"Introducing Pecan Groves, Texas. Oh, the mischief that transpires in that sleepy little town!"



Perhaps I should start this story with one of those long-winded disclaimers versed with legalese that indemnifies everyone involved with this affair from the beginning of time to the end. I don't know. I've never written a story like this, before. Really, except for the occasional public school dissertation, I've never written any kind of story, at all. In fact, I probably wouldn't write this one, either, except the whole affair seemed very… strange and… scary. Plus, of course, a big city newspaper has promised to pay me more money than I need to write it, so here it is. At the least I should tell you that none of the names have been changed to protect the innocent, because they were all innocent, as far as I'm concerned, and that would force me to have to, first, come up with all sorts of strange names for the players, and, second, I would have to remember them all. The events I relate within this tale are all factual to the best of my knowledge. This is the truth, the whole truth, and nothing but the truth.

Halloween that year fell on a Friday. Inasmuch as tricks are trickier and treats are treatier with the promise of a long, lazy weekend lying just ahead, it promised to be an exceptional celebration. I was of an age too old to trick-or-treat and, at the same time, too young to forego the fun altogether, so me and my crew of pimple-faced, knock-kneed rabble rousers had spent a month or more planning all the pranks we intended to play that day.

By my crew, I refer to the guys and gals I had grown up with over on Whiskey Street. It was a street aptly named back in the day, perhaps, because Pecan Groves, Texas, or the 'Groves, as we called it, was one of the older villages in that state. Its inception, I'm told, dated back to the days of conquistadors and naked savages. Oh, it wasn't called Pecan Groves back then, no sir, it had a much longer, much older name given it by the local native Americans, so long assimilated into the stagnant culture of this brave new world we call the United States. Still, Whiskey Street probably fit well back then, when the 'Groves was wild as the west Texas wind and more dangerous than a diamond-back rattler to those unlucky souls who founded it.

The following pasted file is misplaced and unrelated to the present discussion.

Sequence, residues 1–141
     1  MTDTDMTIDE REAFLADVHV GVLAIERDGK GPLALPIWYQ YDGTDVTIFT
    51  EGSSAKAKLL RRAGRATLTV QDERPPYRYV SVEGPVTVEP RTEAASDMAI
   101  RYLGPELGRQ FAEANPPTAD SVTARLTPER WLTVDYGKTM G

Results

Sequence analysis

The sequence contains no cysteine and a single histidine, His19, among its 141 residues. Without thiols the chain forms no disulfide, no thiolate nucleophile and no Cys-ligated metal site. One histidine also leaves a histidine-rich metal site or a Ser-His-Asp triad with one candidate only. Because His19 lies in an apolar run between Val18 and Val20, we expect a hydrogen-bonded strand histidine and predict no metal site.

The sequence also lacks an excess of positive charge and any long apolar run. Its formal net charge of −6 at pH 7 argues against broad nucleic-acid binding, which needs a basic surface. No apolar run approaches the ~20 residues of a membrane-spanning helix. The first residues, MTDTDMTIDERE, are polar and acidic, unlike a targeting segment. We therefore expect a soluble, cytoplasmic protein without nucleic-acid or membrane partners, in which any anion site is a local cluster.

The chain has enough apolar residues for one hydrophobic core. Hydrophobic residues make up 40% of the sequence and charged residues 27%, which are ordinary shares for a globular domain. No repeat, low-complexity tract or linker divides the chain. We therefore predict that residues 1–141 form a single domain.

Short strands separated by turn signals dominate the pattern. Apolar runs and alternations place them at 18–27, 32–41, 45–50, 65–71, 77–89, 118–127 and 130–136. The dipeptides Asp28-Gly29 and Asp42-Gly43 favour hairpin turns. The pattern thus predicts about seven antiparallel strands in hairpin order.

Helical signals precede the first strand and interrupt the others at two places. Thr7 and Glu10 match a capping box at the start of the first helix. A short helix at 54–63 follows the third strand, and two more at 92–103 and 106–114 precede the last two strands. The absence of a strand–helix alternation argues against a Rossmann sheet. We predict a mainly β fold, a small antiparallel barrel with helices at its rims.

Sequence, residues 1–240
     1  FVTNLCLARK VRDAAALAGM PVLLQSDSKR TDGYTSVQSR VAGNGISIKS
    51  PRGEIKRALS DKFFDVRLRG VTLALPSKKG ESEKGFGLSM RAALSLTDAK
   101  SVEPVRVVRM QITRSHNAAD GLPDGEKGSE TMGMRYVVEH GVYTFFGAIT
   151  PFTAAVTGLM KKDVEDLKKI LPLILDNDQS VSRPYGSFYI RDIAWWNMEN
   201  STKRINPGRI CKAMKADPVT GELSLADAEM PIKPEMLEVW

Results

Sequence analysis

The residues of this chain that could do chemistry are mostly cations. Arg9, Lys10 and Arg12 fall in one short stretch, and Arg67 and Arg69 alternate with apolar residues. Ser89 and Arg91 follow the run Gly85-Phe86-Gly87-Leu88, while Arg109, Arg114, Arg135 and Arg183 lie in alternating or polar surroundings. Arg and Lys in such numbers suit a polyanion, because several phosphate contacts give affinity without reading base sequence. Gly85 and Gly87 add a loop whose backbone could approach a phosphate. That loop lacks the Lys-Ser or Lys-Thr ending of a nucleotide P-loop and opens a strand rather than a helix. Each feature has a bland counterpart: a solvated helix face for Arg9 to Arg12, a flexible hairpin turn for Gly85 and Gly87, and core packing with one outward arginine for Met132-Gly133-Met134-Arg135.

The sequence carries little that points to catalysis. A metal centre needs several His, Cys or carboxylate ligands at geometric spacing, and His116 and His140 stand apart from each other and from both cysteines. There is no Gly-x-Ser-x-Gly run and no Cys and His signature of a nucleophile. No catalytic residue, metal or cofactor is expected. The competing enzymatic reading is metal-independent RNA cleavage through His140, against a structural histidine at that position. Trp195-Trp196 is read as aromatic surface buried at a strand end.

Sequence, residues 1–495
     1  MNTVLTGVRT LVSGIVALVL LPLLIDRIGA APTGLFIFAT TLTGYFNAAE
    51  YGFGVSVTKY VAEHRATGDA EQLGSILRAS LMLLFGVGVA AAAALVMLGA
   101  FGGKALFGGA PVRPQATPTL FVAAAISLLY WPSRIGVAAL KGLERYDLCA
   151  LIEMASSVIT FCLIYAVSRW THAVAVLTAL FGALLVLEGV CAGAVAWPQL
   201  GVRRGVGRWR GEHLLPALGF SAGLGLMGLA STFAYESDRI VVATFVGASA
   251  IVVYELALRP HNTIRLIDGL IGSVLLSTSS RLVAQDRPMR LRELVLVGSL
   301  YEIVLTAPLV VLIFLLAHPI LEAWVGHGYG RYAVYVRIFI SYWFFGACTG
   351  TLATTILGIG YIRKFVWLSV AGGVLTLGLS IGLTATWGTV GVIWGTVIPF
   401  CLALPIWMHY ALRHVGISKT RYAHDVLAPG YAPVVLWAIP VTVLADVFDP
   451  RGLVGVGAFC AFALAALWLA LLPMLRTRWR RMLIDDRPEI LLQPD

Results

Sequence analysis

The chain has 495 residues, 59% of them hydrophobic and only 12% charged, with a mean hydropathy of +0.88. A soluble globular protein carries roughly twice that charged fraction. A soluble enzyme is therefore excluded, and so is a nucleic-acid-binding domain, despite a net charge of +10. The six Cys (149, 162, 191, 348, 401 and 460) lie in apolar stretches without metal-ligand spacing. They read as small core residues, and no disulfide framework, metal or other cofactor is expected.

Back to the subject of my crew (you will, I know, forgive me if I ramble from time to time in the relating of this tale, once you hear what happened to me); representing as we felt we did the future of the 'Groves, each of us tried very hard to be the sort of unforgettable character that might be worthy of a tale like this, despite the fact that we never could have anticipated its circumstances or conclusion. First, there was me – Thomas Render Haynes, as my parents call me, or just Knothead, as the crew knows me. Few people in the 'Groves, adult or adolescent, actually know my real name, I bet, since I've been just plain old Knothead for as long as I can remember. Whenever I went to bat in the little league games we played in the distant, murky past, it was always 'Knock 'em over the fence, Knothead!' They never shouted 'Knock 'em over the fence, Thomas Render Haynes!' Indeed, on the day we graduated from high school, thanks to some well-meaning nostalgia-intoxicated secretary-type, the principal called me to fetch my diploma with the name 'Knothead Haynes'.